Imodium A-D Works Like Heroin & Morphine, Becoming Cheapest Alternative For Addicts
With the stringent regulation of popular narcotics such as opioids, a few individuals with drug addiction problems are now resorting to cheaper and easier-to-get alternatives: Imodium.Advertisement
Imodium A-D, with generic name Loperamide, is a common over-the-counter medication for upset stomach. But according to a study published in the Annals of Emergency Medicine, individuals who are doing self-treatment for opioid addiction are abusing the diarrhea drug.
William Eggleston, PharmD, from the Upstate New York Poison Center, in a statement published by the American College of Emergency Physicians, said that loperamide’s accessibility and affordability are among the reasons the medicine is prone to abuse. He added the fact that people who use the medicine are not stigmatized, which adds to the growing concern.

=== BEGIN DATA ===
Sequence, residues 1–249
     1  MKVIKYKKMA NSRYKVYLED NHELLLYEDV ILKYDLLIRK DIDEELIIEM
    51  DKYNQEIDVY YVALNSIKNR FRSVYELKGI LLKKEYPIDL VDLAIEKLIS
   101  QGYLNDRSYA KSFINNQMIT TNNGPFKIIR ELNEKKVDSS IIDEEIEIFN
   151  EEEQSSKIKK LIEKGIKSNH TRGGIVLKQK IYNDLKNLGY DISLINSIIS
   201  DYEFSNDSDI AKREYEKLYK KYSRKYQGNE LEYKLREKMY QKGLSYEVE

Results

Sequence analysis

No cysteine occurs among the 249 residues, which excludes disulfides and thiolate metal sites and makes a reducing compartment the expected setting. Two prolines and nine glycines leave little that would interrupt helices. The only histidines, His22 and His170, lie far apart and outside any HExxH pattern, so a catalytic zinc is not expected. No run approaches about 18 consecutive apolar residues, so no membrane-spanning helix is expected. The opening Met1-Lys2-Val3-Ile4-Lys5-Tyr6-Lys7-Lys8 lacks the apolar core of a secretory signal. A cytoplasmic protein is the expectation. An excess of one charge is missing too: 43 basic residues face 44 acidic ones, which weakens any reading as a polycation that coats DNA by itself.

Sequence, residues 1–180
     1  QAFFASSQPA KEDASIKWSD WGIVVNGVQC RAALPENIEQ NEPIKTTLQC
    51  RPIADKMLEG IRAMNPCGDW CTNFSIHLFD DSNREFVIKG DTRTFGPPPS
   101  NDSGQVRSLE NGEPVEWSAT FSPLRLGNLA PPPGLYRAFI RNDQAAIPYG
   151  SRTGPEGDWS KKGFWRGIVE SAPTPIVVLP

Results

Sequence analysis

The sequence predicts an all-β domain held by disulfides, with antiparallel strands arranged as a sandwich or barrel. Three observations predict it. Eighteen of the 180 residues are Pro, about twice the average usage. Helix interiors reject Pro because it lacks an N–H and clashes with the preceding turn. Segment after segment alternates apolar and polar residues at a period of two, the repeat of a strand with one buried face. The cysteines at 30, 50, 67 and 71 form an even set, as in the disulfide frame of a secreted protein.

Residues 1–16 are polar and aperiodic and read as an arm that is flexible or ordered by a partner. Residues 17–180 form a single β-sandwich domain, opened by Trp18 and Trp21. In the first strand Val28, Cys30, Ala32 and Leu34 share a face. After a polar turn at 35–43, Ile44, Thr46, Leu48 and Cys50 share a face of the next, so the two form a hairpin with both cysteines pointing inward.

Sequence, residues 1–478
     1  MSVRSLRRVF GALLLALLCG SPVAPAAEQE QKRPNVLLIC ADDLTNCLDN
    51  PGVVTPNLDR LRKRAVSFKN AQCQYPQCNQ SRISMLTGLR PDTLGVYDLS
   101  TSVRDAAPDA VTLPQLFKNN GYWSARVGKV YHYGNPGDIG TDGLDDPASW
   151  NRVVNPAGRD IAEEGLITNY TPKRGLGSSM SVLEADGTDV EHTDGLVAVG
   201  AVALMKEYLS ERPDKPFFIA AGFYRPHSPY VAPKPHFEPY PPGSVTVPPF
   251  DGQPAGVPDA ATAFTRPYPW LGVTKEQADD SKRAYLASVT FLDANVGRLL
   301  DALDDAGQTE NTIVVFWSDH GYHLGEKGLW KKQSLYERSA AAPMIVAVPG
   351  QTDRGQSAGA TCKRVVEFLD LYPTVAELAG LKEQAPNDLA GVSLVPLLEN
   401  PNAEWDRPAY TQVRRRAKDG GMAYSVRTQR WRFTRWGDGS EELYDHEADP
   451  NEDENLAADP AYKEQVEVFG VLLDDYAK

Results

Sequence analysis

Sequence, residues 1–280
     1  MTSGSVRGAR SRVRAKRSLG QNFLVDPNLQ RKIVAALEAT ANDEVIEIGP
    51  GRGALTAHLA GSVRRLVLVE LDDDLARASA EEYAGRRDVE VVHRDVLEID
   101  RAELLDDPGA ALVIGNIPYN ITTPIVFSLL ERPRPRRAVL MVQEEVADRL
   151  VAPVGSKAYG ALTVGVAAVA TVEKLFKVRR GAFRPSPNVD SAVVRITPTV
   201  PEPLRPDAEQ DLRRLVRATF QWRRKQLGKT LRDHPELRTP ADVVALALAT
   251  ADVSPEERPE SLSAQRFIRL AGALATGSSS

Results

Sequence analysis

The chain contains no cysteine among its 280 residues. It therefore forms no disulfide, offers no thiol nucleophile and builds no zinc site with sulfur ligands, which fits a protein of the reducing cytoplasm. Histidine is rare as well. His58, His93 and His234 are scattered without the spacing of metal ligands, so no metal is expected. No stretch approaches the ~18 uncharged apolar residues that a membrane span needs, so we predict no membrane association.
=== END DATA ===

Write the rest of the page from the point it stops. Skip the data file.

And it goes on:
“People looking for either self-treatment of withdrawal symptoms or euphoria are overdosing on loperamide with sometimes deadly consequences. Loperamide is safe in therapeutic doses, but extremely dangerous in high doses,” Eggleston said.
The study centers on two separate case studies of patients with opioid addiction who tried to treat their addiction by taking excessive doses of loperamide. The study shows that both patients exhibit serious cardiopulmonary failures before they died.
Although loperamide remains effective and safe in treating diarrhea when taken in proper doses, it can have fatal effects when taken in massive doses, especially with other medications. The report noted that individuals took loperamide in treating their opioid abuse issue and for euphoric properties.
“Our nation’s growing population of opioid-addicted patients are seeking alternative drug sources with prescription opioid medication abuse being limited by new legislation and regulations,” Eggleston added.
Eggleston also encouraged healthcare professionals to be aware of potential risks of over-the-counter medication, including loperamide. He added that the study only confirms that even non-prescription drugs could pose a potential health risk if not used as directed.